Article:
I like it! Have you ever been in a situation you should add a column to a table but you cannot because the current application would stop working? I have and many times. Now we can do it immediately and give some time for the developers to fix the application.

This feature, invisible column, was introduced in Oracle Database 12c. An invisible column is a table column that cannot be seen using for instance SELECT * FROM or DESCRIBE command. It cannot be seen with %ROWTYPE attribute in PL/SQL variable declarations either. To be able to see it you must explicitly specify it in queries.

Let’s create EMP table with column ENAME defined as invisible.

 

CREATE TABLE EMP
(EMPNO NUMBER(4) NOT NULL,
ENAME VARCHAR2(10) INVISIBLE,
JOB VARCHAR2(9),
MGR NUMBER(4),
HIREDATE DATE,
SAL NUMBER(7,2),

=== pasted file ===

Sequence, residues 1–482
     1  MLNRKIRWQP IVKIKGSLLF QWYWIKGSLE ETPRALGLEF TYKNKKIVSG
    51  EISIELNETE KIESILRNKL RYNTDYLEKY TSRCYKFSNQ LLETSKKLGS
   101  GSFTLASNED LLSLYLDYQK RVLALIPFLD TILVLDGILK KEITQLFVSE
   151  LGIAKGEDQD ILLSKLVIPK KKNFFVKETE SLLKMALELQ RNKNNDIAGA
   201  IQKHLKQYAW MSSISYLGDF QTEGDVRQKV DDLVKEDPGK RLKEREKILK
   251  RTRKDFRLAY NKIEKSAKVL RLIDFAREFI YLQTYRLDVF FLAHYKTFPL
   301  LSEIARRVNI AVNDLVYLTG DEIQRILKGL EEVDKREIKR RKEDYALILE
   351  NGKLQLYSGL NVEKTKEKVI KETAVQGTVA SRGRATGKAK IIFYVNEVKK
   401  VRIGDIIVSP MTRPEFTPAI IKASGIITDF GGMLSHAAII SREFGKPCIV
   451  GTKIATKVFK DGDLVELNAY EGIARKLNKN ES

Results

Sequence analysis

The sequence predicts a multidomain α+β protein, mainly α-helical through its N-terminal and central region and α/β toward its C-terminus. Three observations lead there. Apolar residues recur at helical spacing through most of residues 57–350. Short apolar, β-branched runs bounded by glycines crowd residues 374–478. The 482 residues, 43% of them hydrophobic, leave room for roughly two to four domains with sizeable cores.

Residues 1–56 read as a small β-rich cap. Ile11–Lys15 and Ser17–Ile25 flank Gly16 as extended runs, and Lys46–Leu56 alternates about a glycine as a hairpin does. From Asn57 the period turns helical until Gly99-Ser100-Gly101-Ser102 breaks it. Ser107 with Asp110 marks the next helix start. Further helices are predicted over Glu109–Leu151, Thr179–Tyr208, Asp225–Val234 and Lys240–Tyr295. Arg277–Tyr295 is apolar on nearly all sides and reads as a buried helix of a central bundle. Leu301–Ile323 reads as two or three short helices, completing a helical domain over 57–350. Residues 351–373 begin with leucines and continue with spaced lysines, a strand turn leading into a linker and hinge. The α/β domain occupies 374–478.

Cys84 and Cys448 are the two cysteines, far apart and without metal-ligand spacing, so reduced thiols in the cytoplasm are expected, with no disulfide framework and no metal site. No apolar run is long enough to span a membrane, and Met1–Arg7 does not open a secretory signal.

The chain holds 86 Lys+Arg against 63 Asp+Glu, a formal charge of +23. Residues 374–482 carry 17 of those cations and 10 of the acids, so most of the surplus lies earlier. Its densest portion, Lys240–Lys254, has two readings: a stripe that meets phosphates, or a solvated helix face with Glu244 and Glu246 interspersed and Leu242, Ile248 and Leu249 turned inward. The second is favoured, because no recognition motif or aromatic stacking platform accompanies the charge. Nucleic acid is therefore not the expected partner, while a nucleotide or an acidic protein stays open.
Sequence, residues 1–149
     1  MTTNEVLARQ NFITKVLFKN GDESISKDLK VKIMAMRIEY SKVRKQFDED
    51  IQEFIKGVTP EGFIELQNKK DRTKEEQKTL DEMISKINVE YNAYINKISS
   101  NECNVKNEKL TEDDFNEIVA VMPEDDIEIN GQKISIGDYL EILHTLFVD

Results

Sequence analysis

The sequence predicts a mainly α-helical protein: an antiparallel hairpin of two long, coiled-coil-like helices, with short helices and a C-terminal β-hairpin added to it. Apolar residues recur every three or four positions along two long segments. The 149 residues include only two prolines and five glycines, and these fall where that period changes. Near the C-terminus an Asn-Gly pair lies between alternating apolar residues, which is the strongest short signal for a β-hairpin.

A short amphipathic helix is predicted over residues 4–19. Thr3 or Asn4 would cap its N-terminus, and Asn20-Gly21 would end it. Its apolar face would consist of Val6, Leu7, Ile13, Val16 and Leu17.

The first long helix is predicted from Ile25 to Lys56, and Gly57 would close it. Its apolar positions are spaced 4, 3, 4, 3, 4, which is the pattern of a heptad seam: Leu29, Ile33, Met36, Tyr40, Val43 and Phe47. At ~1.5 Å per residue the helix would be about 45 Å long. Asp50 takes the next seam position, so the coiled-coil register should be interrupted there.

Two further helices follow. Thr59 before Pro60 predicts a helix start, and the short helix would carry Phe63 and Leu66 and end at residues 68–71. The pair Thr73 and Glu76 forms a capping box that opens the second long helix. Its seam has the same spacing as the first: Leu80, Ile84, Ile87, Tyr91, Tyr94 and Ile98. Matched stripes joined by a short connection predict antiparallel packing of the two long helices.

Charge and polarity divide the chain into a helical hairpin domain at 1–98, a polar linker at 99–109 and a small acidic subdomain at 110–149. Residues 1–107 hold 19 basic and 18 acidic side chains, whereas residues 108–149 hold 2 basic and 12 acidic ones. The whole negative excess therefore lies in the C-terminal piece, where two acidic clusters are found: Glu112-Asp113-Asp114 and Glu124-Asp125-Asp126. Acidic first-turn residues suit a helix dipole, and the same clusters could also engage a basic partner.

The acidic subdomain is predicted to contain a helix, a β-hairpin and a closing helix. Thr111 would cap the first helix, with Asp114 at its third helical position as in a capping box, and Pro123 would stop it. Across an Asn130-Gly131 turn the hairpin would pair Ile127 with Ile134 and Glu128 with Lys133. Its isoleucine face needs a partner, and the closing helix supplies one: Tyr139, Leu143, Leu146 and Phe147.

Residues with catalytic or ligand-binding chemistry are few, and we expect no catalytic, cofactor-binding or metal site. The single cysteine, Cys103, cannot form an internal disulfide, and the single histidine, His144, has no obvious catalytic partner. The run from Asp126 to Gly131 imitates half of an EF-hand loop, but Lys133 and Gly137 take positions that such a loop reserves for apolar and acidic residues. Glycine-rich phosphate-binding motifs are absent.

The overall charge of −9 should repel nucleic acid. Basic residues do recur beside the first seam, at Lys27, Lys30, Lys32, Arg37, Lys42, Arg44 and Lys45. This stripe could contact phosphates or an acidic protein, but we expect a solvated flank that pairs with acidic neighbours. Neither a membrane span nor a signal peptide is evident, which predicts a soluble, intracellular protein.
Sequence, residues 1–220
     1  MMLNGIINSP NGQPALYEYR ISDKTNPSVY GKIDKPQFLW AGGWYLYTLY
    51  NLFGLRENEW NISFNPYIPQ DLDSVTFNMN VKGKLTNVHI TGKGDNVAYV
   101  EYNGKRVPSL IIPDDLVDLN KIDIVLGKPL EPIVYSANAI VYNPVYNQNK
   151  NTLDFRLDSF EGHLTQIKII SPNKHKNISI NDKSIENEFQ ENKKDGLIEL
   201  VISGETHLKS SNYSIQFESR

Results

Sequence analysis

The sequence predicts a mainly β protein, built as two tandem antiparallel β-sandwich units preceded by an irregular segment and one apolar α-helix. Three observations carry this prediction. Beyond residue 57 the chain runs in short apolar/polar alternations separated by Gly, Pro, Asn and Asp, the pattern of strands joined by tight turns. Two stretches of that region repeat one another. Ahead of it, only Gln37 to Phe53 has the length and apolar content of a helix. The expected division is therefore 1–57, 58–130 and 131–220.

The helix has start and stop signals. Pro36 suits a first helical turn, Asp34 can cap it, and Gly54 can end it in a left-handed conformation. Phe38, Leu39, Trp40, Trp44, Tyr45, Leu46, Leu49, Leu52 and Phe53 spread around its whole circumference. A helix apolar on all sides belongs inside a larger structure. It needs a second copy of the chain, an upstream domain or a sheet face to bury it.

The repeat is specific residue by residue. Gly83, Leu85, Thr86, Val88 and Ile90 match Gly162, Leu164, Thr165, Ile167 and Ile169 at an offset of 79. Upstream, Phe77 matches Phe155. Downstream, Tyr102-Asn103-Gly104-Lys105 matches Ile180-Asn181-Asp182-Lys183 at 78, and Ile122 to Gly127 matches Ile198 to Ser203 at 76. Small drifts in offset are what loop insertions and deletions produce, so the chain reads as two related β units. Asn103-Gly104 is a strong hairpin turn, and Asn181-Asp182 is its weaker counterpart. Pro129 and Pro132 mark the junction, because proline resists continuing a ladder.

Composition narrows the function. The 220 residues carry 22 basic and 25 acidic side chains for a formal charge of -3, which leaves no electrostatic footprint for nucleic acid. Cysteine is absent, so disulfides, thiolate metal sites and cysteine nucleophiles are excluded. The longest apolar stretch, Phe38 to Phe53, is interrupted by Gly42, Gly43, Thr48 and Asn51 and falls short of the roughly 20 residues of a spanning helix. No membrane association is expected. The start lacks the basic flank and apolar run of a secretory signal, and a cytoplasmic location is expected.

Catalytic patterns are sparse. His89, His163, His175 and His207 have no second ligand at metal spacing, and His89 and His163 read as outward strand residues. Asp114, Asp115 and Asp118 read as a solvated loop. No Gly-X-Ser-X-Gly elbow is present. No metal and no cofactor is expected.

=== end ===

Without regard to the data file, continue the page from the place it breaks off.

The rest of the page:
COMM NUMBER(7,2),
DEPTNO NUMBER(2)
)
/

 

When inserting rows to a table that has invisible columns, and also to that column, make sure to define the column names. If you do not do that you will get an ORA-00913: too many values error.

If you do not want to insert a value to the invisible column, inserts without column lists can be done. If the invisible column has been defined obligatory there is no problem but if it has been defined mandatory make sure to define the default for it using DEFAULT clause.

Another fun thing with invisible columns is that when you define the column invisible and then visible, the column moves to the last column in the table (logically of course, no physical moves).

ALTER TABLE EMP
MODIFY ENAME VISIBLE;

 

DESC EMP

Name     Null     Type        

——– ——– ————

EMPNO   NOT NULL NUMBER(4)  

JOB               VARCHAR2(9)

MGR               NUMBER(4)  

HIREDATE         DATE        

SAL               NUMBER(7,2)

COMM             NUMBER(7,2)

DEPTNO           NUMBER(2)  

ENAME             VARCHAR2(10)

Sometimes this might be useful for you…

 

Cheers

Heli

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